14 years of plumbers across 5 houses – and I can’t sort my phone book entries by ‘date added’ for the one I used most recently. (I was as surprised as you are at the number of search results, believe me!)
Or tag them by ‘area’ like phone camera photos are auto-tagged by gps.
It’s almost 2015, software people…get to it!
I can book tickets ‘instantly’ but I cant book in ways more typical to everyday situations : like whats playing at 9pm today. Or at my regular go-to Cinema.
These database-query sites make it easier to book a ticket in Bathinda than in PVR Saket
Good lord, the whole situation is a debacle…what a knee-jerk reaction from Intel. #gamergate
Intel buckles to anti-feminist campaign by pulling ads from gaming site
“it’s increasingly difficult to defend a movement that decries what it argues is censorship, and then organizes co-ordinated strikes to silence those calling loudest for fairness and equality in our video games.” — The Verge
It occurs to me as I watch, that the celebrity-industrial-complex of 24-hour cable TV is the Roman ‘bread and circus’ of our time..
How much longer must file icons look like a sheet of paper? When will we move beyond the metaphor that a computer document file – be it Word, php or CSS, is like a sheet of paper?
Dear , thanks for the Icon metaphors since 1970, but I think we’re ready to move beyond this…
The critics all agree — ‘Fight’, episode 3 of the second season of ‘Masters of Sex‘ was a master-class of what television is capable of achieving in the art of storytelling.
Exquisitely paced, delicately told, and played with a tough vulnerability by Michael Sheen and Lizzy Caplain, it was a dance around the ring between their characters, while telling a bigger story about masculinity, respect and gender relations. Playing out in a single hotel room over an hour, the episode was riveting, symbolic and heart-rending for any watcher of the show.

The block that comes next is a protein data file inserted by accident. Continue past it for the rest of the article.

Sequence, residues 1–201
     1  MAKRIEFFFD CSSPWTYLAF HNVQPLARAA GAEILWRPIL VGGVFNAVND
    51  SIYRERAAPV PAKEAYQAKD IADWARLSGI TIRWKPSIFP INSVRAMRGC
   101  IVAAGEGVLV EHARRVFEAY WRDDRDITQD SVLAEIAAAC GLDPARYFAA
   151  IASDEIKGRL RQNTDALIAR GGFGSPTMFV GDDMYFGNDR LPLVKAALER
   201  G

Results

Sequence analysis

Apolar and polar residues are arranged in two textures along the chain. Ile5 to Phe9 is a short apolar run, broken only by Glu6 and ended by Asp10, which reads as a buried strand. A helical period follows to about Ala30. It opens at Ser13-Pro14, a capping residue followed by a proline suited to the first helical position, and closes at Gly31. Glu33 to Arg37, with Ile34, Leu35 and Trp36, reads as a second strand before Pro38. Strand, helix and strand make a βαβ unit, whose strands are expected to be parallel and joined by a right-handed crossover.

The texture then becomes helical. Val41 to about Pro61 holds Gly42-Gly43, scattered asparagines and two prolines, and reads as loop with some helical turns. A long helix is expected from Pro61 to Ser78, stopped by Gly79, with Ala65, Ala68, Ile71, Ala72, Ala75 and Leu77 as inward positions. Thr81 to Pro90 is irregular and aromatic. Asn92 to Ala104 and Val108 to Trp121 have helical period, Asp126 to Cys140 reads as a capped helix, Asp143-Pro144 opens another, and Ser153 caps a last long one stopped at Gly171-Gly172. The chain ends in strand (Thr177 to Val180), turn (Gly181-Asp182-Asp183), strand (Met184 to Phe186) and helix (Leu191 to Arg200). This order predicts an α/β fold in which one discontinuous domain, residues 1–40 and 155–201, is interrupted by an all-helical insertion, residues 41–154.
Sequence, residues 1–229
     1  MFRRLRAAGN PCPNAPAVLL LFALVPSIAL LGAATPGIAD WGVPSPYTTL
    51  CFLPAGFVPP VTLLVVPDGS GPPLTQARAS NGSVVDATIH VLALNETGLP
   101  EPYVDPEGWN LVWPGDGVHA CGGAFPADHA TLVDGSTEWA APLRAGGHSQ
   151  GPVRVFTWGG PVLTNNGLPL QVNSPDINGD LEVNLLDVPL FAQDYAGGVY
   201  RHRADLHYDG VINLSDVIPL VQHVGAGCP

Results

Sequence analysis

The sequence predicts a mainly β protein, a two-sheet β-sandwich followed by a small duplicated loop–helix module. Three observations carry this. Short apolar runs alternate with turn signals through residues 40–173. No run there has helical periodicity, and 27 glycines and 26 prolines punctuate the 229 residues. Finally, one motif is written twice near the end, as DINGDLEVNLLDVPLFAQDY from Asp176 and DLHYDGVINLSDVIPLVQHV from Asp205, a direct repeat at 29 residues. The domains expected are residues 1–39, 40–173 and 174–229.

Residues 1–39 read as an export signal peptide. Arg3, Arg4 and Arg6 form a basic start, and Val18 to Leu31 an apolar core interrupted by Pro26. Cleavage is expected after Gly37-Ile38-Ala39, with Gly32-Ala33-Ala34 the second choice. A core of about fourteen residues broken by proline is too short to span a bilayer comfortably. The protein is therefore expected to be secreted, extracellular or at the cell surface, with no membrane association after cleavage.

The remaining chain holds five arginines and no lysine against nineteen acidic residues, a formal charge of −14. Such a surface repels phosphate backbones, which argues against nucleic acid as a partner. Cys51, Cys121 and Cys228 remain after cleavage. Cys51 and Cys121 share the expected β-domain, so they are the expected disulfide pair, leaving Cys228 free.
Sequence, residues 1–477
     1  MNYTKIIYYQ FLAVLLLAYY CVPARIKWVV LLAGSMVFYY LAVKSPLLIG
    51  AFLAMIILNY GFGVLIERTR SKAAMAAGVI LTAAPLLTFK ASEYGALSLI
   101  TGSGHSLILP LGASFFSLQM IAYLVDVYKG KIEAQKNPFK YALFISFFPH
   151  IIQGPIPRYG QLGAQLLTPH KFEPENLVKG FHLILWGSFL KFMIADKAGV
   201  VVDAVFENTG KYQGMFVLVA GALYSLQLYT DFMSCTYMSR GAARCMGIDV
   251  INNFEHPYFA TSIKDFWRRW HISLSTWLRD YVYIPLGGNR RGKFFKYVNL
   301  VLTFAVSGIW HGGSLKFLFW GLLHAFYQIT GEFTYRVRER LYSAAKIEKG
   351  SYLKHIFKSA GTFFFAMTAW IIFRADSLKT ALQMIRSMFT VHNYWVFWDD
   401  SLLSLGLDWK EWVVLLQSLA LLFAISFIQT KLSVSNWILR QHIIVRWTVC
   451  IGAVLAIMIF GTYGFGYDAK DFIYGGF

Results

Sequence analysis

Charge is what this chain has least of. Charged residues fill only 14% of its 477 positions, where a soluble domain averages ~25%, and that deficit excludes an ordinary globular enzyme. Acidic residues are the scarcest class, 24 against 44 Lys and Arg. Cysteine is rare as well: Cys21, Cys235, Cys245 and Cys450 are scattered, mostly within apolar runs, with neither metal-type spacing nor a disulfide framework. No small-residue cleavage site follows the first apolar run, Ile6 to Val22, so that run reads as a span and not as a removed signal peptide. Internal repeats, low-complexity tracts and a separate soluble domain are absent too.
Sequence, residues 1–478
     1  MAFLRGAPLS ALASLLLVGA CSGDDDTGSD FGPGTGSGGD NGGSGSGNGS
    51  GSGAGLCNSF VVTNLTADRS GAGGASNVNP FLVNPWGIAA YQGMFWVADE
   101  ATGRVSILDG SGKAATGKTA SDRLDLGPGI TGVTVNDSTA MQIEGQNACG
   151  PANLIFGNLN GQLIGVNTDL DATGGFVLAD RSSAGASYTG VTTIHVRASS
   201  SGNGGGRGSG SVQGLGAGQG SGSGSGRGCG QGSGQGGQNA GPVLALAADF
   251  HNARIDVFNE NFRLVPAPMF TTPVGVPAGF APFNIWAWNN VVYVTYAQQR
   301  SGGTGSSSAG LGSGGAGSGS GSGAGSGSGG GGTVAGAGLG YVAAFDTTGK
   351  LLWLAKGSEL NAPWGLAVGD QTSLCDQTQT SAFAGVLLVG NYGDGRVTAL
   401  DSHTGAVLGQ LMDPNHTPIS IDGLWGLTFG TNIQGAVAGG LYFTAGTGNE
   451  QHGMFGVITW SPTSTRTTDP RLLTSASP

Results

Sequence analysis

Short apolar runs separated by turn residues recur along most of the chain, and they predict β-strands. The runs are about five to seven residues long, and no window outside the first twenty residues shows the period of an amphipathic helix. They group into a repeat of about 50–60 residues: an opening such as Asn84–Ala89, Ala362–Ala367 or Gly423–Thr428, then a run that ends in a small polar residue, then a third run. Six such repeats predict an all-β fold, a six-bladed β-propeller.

The teaser below doesn’t begin to show what it was about.
The only way to end a food trip to Old Delhi is with a trip to Mogambo’s personal coffee shop – the overly dramatic Starbucks in CP.
Guy selling garlands of Currency notes next to the BobCat Fashion Centre
The delicious smelling Biryani was made with a lot of sweat, and a gentle smile in the humid heat.
Zara Shoes, aur Bahut Sare wires
At least the cycle-rickshaws are now 4 seater electric-rickshaws
Old world to new world – free wifi and cctv.
Its like Mogambo’s personal coffee shop.
Welcome, Robot Overlords. Please Don’t Fire Us? — Mother Jones
This is probably the best summary of the state of AI (exponential growth is not as slow as we think) and its future impact (the Luddites were 200 years too early).
A must-read article. A lot of this replacing-humans-with-machines is already happening, and jobs are disappearing. The Challenge is how we can re-organise society and money, in a new age when few people need to actually work, and machines can do everything better.
Another, more serious, piece at Technology Review Magazine.
(Keep in mind the video shows the actual game in action, during play.)
This is quite possibly the most astonishing entertainment product ever achieved. What started in 1997 as a naughty game about stealing cars and driving badly, has become in 2013 an open-ended, free flowing, satirical interactive game about…well, life.
For many people, looking for alternate realities more comfortable than the offline life, this could be the future of entertainment. Start making money IN the game, and you have a closed loop – the future of an entire lifestyle.
Dave Pell discusses whats happening with instant digital photos, and our attention during events.
During a presentation on happiness at the Ted Conference, Nobel laureate Daniel Kahneman makes a distinction between the experiencing self and the remembering self.
Digital photography gives additional dominance to the remembering self. At his birthday party on the beach, my son almost leapfrogged over his realtime experience. He was no longer imagining what he looked like on that surf board. He was looking at what he looked like. The wave of emotions, senses and reactions that made up his initial experience were swept away by the undertow of a single sense: what his eyes saw on a two inch viewfinder.
— This is You on Smiles — Dave Pell at Medium.